Table 1. Encounter Severity Index, ICAO (2007) [2].

Figure 1. Volcanic Explosivity Index, ICAO [3]

However, many reports do not have data enough to be classified therefore, are assigned in a special field (Isufficient Data). Table 2 lists the number of encounters produced by each class. Fortunately, encounters between aircraft and volcanic ash, have not led to accidents involving passenger deaths. The 3-4 classes, have produced 20.15% of encounters with significant damages, while 50% of all encounters, and have been classified in classes 1-2, letting small traces or minor damages on aircraft. In 1991, due to the Pinatubo volcano eruption, the encounters average increased to more than two per year.

Table 2. Number of Aircraft Encounters to 2010.

Methodology Survey

Nature of volcanic ash
A volcano is an opening in the earthʼs surface through which gases, Tephra (set of particles of different sizes, produced in a volcanic eruption) and molten rock (magma), flows from the center of the earth to the surface, during an eruption. Cooling and solidification of magma is known as igneous rocks. If cooling occurs quickly in the earthʼs surface, form fine grains (Extrusive Igneous Rocks) or if the cooling is slow, below the crust, crystallize in large grains (Intrusive Igneous Rocks).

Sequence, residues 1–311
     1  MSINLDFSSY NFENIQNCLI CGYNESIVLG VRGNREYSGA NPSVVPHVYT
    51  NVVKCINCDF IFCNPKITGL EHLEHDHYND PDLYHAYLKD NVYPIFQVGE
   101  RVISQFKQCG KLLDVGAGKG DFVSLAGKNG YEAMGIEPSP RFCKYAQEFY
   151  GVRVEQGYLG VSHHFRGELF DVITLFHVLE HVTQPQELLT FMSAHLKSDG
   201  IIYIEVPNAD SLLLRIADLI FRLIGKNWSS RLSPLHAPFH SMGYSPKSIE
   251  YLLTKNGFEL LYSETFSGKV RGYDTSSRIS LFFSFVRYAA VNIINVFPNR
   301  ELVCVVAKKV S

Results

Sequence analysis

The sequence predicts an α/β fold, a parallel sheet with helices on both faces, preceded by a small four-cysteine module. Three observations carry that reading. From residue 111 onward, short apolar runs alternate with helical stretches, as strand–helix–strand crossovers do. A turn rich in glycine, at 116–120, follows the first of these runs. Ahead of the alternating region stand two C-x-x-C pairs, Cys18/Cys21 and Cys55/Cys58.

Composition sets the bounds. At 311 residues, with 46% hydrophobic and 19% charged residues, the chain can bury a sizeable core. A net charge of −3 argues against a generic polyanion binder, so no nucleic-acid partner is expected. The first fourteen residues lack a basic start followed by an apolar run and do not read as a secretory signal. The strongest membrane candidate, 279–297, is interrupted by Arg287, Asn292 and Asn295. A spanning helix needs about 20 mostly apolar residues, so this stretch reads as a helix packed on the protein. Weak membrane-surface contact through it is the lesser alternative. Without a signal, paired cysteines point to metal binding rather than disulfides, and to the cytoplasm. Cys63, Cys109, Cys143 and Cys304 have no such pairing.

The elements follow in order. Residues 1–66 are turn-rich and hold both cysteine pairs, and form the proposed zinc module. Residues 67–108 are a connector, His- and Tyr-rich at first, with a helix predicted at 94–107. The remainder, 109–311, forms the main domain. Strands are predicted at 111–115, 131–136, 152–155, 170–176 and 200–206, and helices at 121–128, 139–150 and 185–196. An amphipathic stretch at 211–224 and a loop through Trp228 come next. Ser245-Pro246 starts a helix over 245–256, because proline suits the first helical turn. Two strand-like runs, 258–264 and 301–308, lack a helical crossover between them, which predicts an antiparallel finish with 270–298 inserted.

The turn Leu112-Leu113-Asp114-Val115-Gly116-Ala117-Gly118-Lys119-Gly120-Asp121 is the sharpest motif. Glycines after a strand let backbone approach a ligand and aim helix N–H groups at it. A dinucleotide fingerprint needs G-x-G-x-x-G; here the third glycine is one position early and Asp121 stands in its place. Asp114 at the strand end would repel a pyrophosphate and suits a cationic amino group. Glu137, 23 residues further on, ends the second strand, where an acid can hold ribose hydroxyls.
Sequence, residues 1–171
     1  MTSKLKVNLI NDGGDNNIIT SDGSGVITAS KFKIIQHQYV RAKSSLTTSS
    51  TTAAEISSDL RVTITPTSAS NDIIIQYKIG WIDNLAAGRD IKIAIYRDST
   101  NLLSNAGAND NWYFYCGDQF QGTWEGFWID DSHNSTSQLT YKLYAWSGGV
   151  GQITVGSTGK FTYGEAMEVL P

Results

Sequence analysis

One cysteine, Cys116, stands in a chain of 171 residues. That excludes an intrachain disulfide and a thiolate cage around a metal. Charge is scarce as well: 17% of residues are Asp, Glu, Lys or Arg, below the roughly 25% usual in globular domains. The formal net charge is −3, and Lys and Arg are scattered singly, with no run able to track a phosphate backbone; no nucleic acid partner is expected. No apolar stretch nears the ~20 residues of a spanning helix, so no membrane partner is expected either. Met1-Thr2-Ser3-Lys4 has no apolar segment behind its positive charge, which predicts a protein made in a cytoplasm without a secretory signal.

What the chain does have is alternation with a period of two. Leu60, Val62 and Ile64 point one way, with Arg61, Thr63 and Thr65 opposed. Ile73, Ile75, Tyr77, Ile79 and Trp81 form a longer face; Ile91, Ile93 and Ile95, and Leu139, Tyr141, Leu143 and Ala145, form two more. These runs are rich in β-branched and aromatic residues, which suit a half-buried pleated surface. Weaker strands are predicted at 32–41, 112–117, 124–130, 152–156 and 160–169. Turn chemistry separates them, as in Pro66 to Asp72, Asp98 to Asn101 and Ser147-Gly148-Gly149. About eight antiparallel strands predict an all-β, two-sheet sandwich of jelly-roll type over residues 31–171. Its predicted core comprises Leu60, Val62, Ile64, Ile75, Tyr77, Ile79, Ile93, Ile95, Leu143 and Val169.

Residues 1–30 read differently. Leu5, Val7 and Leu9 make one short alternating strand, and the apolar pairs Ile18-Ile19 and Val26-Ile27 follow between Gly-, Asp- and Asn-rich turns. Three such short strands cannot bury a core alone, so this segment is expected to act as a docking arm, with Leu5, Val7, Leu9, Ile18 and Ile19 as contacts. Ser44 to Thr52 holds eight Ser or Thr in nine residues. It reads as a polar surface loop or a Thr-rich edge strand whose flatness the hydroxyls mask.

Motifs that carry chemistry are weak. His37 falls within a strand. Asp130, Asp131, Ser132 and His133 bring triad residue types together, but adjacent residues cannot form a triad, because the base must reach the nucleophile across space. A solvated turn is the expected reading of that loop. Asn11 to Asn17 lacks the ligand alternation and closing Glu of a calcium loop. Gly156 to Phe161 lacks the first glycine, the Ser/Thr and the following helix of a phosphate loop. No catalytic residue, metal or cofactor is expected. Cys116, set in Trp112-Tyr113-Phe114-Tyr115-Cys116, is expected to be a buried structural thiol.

Extrusive igneous rocks are the source of volcanic ash: volcanic material (rocks, minerals and glass) by the effect of gases during an explosive eruption, is broken into fine pieces less than 2 mm in diameter and cooled by contact with the air. The chemical composition of volcanic material, mainly silica, determines its viscosity, shape and speed of solidification.

The amount of silica (SiO2) contained in the volcanic rock (generally more than 50%) controls the volcanic ash produced. Composed of one silicon molecule and two oxygen molecules, silica is one of the main elements found in the crust (Quartz is a form of silica), characterized by high hardness, to be very abrasive and a high melting point. Silica does not conduct electricity, so is used as the basis for glass and ceramics. Extrusive igneous rocks, according to the concentration of silica found, provide a classification into four types: Basalt, Andesite, Dacite and Rhyolita. Figure 2 clearly shows the variation in the concentration of silica affects the movement of volcanic material, and can eventually cause an explosive eruption, with high production of volcanic ash.